White House, Congress seek to avert “fiscal cliff”
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All eyes are on Washington as the White House and the GOP seek to avoid the so-called “fiscal cliff” before the end of the year. President Obama and House Republicans are negotiating the fate of the Bush-era tax cuts, mandatory spending cuts and more in the last weeks of 2012 and negotiations are expected to go right up to the end of the year. At the same time, the IRS has cautioned that the start of the 2013 filing season could be delayed for many taxpayers because of late tax legislation.
Taxes and spending
Almost immediately after President Obama won re-election, Democrats and Republicans scrambled to stake out their positions over the fiscal cliff. Unless the White House and the GOP reach an agreement, the Bush-era tax cuts will expire for all taxpayers after 2012 and across-the-board spending cuts will take effect. Many popular but temporary tax incentives, known as tax extenders, expired after 2011, with many more scheduled to expire after 2012. The alternative minimum tax (AMT), intended many years ago to apply to wealthy taxpayers, is on track to encroach on more middle income taxpayers because it is not indexed for inflation. Also, the employee-side payroll tax cut is scheduled to expire after 2012.
Since winning a second term, President Obama has repeated that the Bush-era tax cuts should expire for higher income individuals after 2012. The top two tax rates would rise to 36 percent and 39.6 percent after 2012. All of the remaining rates would be extended. Tax rates on capital gains and dividends would also increase for higher income individuals. On the campaign trail, President Obama described higher income taxpayers as individuals with incomes above $250,000 and families with incomes above $250,000.
President Obama has talked about trimming $4 trillion from the federal budget deficit. Approximately $1.6 trillion would come from increased taxes on higher income individuals. To achieve a target of $1.6 trillion in tax revenue, the Bush-era tax cuts could not be extended for higher income individuals. Other incentives for higher income individuals would likely be curtailed or possibly eliminated under the President’s plan. These include the personal exemption phaseout (PEP) and the Pease limitation on itemized deductions. President Obama may also re-propose his “Buffett Rule,” which, the President has explained, would ensure that individuals making over $1 million a year pay a minimum effective tax rate of at least 30 percent.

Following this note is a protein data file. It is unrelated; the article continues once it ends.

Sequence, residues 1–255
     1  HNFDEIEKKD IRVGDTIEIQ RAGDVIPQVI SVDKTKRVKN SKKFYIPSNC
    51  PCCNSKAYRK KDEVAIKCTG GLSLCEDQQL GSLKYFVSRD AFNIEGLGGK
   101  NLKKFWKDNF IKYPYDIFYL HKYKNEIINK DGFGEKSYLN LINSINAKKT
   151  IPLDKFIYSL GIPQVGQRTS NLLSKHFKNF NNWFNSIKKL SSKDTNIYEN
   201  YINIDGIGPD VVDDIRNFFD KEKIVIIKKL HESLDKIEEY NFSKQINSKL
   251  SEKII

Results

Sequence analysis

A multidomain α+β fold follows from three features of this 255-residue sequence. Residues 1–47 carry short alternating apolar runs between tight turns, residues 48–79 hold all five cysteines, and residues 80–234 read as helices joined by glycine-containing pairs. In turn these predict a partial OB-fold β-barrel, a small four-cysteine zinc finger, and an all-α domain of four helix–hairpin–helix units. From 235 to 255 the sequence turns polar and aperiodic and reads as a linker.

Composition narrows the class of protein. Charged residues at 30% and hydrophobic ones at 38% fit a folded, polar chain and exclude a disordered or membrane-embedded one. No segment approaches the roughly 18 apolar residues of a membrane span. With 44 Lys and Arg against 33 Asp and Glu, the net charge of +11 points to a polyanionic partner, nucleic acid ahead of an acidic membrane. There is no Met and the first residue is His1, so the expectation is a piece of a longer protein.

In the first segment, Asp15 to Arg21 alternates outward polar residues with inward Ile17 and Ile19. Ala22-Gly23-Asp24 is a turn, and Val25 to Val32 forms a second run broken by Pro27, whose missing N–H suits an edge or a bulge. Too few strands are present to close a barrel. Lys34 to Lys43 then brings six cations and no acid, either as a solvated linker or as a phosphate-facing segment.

The GOP, its majority reduced in the House after the November elections, has offered few details about its plans to avoid the fiscal cliff. House Speaker John Boehner, R-Ohio, has indicated that the GOP may be open to raising revenue by closing tax loopholes and capping certain unspecified deductions for higher income individuals. Revenue could also be raised by limiting or abolishing business tax deductions and credits. Among the business tax incentives most often hinted at for elimination are ones for oil and gas producers. President Obama, however, has said that he will not support a deficit reduction plan that relies on closing undefined tax loopholes.
Looking ahead, several scenarios may play out before year-end. President Obama and the GOP could agree on a tax and deficit reduction package that meets or comes close to the President’s targets. President Obama and the GOP may agree to extend the Bush-era tax cuts and delay the spending cuts for three or six months to give everyone more time to negotiate a long-term deal. On the other hand, both sides could fail to reach any agreement before year-end and the Bush-era tax cuts would expire as scheduled. The spending cuts also would kick-in as scheduled.
Whenever Congress changes the tax laws, the IRS has to reprogram its return processing systems. Tax laws passed late in 2012 have the potential to delay the start of the 2013 filing season depending on how long it takes the IRS to reprogram its systems.
IRS officials have told Congress that they are preparing for late tax legislation, especially legislation on the AMT. In past years, Congress has routinely “patched” the AMT to shield middle income taxpayers from its reach. The IRS appears to be anticipating that Congress will patch the AMT for 2012. If Congress does not, the IRS has warned that the start of the 2013 filing season could be delayed for as many as 60 million taxpayers.
The IRS also must reprogram its processing systems for the tax extenders. These tax law changes generally do not require the level of reprogramming the AMT patch requires. The IRS has predicted that any year-end extension of the extenders will be manageable.
Please contact our office if you have any questions about the tax and spending negotiations underway in Washington.
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